Determining where stigma exists and what effect it’s having on our communities is vital to learning what we can do to counteract its harmful consequences. Allecia Reid, social psychologist at UMass Amherst, is studying the impact of stigma on the health of communities and how to improve the efficacy of health-related interventions. Her work also considers how the social connections we make affect the health behaviors we choose, and how our thoughts and attitudes may incite changes in this behavior. Read full article

PBS scientists are exploring how COVID-19 has affected our society, including people's social and behavioral responses to the pandemic, anti-Asian prejudice, mental health, and online social support. Read project abstracts

Scientists find that motherhood causes changes in the brain to make the mother prioritize her baby above all, including drugs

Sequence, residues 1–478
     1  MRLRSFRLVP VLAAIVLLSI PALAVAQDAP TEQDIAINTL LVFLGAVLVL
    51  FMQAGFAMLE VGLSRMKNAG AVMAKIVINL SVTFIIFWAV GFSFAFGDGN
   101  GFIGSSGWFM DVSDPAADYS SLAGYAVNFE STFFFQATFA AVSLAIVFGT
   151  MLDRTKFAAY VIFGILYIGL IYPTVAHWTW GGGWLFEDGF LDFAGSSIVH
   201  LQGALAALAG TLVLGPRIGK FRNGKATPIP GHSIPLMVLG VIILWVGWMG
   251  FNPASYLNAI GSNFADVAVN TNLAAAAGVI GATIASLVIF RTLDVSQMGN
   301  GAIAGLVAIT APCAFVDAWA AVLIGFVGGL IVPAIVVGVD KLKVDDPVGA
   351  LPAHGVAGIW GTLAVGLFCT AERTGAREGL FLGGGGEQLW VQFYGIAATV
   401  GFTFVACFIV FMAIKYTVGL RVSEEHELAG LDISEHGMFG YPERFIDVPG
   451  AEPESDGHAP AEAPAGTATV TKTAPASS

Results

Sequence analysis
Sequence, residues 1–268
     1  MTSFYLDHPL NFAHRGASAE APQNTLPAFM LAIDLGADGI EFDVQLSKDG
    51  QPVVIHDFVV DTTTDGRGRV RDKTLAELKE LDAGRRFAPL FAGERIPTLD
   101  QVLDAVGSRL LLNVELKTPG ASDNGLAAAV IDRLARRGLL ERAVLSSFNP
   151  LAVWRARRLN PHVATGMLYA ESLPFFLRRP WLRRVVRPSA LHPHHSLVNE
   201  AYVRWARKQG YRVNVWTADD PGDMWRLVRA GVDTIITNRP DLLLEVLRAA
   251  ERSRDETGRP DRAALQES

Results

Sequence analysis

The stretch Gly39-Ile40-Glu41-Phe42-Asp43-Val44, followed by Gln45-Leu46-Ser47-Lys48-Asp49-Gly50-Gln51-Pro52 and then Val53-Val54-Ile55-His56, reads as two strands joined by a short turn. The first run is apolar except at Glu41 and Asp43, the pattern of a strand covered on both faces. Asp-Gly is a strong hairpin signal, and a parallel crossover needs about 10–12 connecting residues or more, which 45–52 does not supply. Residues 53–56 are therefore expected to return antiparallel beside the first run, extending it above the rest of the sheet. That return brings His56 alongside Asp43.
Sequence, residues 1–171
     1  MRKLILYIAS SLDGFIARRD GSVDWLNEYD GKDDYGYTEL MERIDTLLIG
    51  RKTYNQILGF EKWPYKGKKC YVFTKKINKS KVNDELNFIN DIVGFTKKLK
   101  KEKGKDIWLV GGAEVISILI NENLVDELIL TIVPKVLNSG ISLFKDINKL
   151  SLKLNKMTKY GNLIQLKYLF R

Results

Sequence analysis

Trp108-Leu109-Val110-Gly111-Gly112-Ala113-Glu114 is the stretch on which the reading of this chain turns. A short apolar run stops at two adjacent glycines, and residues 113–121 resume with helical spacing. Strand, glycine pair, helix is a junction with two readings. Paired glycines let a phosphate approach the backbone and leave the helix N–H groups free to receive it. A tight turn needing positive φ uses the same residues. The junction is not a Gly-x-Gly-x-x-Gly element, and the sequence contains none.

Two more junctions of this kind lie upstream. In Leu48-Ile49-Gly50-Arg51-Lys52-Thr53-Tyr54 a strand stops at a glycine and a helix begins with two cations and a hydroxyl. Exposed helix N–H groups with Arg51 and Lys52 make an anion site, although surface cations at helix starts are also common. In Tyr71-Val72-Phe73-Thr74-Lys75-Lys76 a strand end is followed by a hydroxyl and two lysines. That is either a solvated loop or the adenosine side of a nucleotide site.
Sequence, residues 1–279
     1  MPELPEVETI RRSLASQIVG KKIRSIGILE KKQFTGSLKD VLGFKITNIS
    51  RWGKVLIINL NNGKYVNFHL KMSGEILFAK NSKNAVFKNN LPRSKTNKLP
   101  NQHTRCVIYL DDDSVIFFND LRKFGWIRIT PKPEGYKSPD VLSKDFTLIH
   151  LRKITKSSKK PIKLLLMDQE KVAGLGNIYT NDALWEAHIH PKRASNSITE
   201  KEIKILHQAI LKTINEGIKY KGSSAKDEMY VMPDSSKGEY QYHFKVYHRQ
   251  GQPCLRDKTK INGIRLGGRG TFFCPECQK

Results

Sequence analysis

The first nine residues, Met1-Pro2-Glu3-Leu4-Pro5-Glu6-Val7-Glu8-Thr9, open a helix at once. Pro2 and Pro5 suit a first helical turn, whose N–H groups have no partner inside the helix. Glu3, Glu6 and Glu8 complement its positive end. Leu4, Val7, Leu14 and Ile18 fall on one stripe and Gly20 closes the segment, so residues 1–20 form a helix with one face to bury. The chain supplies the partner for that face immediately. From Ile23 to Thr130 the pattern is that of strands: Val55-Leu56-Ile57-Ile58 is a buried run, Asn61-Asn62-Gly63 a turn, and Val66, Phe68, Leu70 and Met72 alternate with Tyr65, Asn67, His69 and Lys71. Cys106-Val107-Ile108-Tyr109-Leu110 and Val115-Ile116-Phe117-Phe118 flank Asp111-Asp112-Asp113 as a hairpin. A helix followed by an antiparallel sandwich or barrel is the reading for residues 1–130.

New research from a team of scientists, including Mariana Pereira, suggests that having a baby causes a mother's brain to change to make the child her top priority. For mothers with drug addictions, this change in the brain can make them prioritize their baby over drugs. This research paves the way for future studies on postnatal mental health and substance abuse. Read full article

UMass alumni share how PBS prepared them for a successful career

Find out how these bright alumni found their calling!

Read spotlights

Research Highlights

Award Highlights

In the Media

New Faces

Annie WrightAnnie Wright
Postdoctoral Scholar, Rudd Adoption Research Program